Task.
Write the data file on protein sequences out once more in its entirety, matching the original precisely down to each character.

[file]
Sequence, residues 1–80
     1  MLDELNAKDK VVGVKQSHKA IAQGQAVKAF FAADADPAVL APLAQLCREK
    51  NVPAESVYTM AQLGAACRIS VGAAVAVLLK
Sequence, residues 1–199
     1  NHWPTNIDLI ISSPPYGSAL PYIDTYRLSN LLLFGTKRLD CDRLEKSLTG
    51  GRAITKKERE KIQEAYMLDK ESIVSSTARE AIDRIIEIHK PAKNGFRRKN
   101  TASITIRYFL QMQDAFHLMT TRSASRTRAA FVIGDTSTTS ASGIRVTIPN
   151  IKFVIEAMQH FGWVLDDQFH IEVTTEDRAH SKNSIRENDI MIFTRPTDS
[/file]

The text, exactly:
Sequence, residues 1–80
     1  MLDELNAKDK VVGVKQSHKA IAQGQAVKAF FAADADPAVL APLAQLCREK
    51  NVPAESVYTM AQLGAACRIS VGAAVAVLLK
Sequence, residues 1–199
     1  NHWPTNIDLI ISSPPYGSAL PYIDTYRLSN LLLFGTKRLD CDRLEKSLTG
    51  GRAITKKERE KIQEAYMLDK ESIVSSTARE AIDRIIEIHK PAKNGFRRKN
   101  TASITIRYFL QMQDAFHLMT TRSASRTRAA FVIGDTSTTS ASGIRVTIPN
   151  IKFVIEAMQH FGWVLDDQFH IEVTTEDRAH SKNSIRENDI MIFTRPTDS